Construction crews are busy at work this summer, repairing and rehabilitating a historic Columbia River structure that will provide a critical link in a popular route used by recreationists in the region.
The iconic Beverly Bridge between Vantage and Mattawa, along with the recently completed Renslow Trestle over Interstate 90, will allow people to safely travel on the Palouse to Cascades State Park Trail in an area where they would previously have to detour.
The bridge was completed in 1909 to serve the Chicago, Milwaukee, St. Paul and Pacific Railroad. It was placed on the National Register of Historic Places in 1982 due to its significance in regional railroad history. A fire destroyed part of the wooden decking on the bridge in 2014. The current project, overseen by Washington State Parks, involves removing the wooden decking and replacing it with a concrete surface and handrails. It also involves rehabilitating a redundant power connection between Grant and Kittitas counties.
Washington State Parks Project Manager Adam Fulton said the project should be finished in late August to early September. Three hundred and thirty-eight concrete panels, most of which are 13 feet wide and 8 feet long, are being installed on the bridge decking after the treated wood is removed. Once the panels are installed, Fulton said crews will pour a concrete slab over the panels to complete the new decking surface, along with new handrails for pedestrian safety.
“We’re about 99% done with the panels,” Fulton said. “There’s just a few oddball sizes we have to have custom made and brought to the site. Starting this week, we’re doing the concrete overlay.”
He said 90% of the project funding came from the Washington Legislature through a grant supplied by the Department of Archaeological and Historical Preservation, with 10% funded through the Kittitas Public Utility District.
“The reason for that is because there is a redundant power feed that connects Grant County PUD and Kittitas County PUD,” he said. “That line is being run over the top of the bridge.”
In a historical tie-in, Fulton said the power connection is being run over the catenary that was once used to supply electric power to trains that crossed over the bridge, an unusual feature of the structure.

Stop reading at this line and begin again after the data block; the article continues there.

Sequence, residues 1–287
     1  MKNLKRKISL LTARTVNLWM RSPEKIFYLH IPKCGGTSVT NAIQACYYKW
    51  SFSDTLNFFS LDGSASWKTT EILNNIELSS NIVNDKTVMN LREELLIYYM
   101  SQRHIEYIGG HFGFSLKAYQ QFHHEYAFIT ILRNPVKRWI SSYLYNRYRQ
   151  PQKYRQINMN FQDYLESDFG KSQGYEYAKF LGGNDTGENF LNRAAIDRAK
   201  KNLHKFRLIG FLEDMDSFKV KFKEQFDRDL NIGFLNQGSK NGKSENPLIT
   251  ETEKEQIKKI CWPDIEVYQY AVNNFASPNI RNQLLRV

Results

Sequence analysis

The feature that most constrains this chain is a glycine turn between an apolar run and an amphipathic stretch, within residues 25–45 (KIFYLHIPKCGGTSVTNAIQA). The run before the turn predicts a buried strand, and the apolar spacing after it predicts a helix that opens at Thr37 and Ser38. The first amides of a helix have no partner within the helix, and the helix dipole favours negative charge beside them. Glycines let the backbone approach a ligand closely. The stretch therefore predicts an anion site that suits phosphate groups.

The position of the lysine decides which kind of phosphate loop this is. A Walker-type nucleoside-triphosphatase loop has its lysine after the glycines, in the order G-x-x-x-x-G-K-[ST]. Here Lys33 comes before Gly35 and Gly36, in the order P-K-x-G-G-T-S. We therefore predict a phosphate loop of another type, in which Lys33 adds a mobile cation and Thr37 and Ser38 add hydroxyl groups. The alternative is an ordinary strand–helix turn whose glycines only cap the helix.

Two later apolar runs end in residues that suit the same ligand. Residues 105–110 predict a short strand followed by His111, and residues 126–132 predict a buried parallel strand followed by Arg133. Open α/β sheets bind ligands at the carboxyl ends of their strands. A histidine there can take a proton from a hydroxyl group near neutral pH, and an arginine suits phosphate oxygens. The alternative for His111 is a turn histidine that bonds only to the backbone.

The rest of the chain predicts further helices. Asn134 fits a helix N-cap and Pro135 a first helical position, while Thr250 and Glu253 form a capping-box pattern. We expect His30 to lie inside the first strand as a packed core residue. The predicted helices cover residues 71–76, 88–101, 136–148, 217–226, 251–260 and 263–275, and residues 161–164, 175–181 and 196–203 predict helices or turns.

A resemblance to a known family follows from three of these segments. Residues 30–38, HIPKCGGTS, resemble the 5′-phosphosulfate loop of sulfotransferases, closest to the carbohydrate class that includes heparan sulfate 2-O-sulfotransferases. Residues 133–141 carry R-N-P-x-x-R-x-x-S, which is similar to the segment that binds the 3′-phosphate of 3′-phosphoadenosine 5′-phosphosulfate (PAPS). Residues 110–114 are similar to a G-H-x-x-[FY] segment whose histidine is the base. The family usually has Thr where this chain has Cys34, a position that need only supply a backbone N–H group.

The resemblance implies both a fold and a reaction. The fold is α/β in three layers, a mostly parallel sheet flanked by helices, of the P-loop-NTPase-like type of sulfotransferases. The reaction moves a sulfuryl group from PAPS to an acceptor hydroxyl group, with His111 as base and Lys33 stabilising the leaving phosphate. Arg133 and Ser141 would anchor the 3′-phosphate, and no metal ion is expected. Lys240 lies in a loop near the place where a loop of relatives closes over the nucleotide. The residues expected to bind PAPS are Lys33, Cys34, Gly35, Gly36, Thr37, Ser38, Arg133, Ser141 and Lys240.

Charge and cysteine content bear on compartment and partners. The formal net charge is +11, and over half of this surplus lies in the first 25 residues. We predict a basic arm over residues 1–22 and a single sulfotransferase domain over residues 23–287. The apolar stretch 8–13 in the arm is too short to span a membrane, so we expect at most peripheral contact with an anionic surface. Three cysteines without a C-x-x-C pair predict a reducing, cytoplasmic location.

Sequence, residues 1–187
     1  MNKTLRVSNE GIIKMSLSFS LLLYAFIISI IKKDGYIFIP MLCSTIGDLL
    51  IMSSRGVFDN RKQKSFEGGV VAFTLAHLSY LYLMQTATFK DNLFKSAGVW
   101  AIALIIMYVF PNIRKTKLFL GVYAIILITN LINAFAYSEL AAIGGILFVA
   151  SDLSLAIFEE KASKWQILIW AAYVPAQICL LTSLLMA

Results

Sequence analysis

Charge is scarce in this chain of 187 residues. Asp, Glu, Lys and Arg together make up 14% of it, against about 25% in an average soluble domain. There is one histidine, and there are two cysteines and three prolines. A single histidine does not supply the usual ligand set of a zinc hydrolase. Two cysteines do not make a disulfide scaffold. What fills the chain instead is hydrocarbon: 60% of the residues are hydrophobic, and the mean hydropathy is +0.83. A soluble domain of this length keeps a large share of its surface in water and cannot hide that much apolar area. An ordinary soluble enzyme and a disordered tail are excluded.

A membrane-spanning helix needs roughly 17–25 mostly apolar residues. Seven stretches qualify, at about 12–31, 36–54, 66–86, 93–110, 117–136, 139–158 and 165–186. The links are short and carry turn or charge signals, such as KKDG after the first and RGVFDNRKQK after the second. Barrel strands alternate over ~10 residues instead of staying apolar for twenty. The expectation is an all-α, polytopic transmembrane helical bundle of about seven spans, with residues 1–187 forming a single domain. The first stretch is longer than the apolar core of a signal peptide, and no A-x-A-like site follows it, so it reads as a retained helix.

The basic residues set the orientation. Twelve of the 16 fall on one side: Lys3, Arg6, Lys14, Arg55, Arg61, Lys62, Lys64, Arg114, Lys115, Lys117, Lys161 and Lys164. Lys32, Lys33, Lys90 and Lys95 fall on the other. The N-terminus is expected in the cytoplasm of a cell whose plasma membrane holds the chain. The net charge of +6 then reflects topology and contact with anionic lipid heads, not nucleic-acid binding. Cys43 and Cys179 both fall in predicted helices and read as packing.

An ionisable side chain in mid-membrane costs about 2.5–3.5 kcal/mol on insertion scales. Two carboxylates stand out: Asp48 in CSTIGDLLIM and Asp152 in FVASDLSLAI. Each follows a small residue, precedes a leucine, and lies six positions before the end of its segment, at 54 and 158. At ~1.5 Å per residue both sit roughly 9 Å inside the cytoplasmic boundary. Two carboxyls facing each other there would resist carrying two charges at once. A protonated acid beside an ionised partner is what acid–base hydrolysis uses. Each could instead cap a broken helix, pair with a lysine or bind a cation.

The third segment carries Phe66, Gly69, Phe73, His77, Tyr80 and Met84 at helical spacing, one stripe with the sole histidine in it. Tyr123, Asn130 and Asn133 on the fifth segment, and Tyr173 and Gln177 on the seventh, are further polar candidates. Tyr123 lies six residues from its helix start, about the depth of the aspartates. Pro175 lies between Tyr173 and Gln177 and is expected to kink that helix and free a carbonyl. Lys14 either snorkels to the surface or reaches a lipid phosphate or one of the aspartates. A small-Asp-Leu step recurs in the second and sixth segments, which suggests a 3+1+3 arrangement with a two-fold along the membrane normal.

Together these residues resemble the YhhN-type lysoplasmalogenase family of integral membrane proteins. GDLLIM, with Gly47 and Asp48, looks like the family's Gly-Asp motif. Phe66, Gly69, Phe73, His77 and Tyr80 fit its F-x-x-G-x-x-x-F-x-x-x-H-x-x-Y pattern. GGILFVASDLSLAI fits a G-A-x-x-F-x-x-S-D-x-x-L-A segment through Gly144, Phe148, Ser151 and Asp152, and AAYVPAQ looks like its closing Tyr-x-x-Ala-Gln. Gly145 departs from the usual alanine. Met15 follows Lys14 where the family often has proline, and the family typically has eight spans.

Throughout the project, he said the goal has been to preserve as much of the historic nature of the bridge, while also taking modern issues into consideration.
“It’s kind of a tight rope,” he said. “You want to leave as much of the historic character as you can and not alter that, and yet you have to build today’s safety and environmental codes. Hopefully we found that sweet spot. When you look at the bridge, you’re still looking at this fantastic historic structure that was built from 1906 to 1909 by a steel company that was later owned by J.P. Morgan. It was a fantastic time in the history of our nation.”
While walking the tightrope, Fulton said the project has been able to provide extra safety not only to pedestrians but the structure itself. By removing the wooden decking, the bridge is not only less susceptible to fire but more environmentally friendly.
“The dual benefit is no longer will we have heavily creosote-treated materials leaching into the Columbia River,” he said. “Instead, it’s concrete and steel, which are essentially inert to significant runoff or leachate.”
As the project nears completion, Fulton said Washington State Parks will release details on a planned grand opening ceremony for the bridge. For now, he said the exact date has not been set.
Once the project is complete, Fulton said the bridge will provide safe access to a crossing over the Columbia River that previously hasn’t existed for decades in the region, helping to complete a critical link for those using the Palouse to Cascades State Park Trial. Currently, the only crossing in the area is Interstate 90 on the Vantage Bridge, which does not accommodate pedestrians.
“What this trail does is provide the big link from east to west,” he said. “Suddenly, the trail is this continuous experience. This bridge is a jewel. You’re over the top of the Columbia River with fantastic views of the geology and cultural experience with the hydropower. It’s an amazing epicenter of interest.”